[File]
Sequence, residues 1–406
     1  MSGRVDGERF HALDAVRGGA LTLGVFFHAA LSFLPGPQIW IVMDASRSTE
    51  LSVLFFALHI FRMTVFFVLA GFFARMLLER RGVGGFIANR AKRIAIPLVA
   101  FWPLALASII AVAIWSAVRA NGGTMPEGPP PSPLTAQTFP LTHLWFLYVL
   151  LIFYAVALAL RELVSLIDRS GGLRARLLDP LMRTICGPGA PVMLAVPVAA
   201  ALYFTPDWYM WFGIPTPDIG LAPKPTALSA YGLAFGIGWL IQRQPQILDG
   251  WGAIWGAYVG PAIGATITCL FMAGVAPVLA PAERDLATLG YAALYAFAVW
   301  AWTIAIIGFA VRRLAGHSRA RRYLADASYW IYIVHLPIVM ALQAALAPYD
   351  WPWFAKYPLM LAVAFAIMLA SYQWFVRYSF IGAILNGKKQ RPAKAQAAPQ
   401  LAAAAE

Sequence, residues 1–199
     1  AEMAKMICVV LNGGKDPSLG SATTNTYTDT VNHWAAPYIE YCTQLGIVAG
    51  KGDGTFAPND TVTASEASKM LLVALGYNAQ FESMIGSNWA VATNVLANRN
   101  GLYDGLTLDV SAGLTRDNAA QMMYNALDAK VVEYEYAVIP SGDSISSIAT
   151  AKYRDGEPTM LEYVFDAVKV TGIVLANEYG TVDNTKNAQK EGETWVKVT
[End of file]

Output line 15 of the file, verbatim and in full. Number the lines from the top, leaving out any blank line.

   151  AKYRDGEPTM LEYVFDAVKV TGIVLANEYG TVDNTKNAQK EGETWVKVT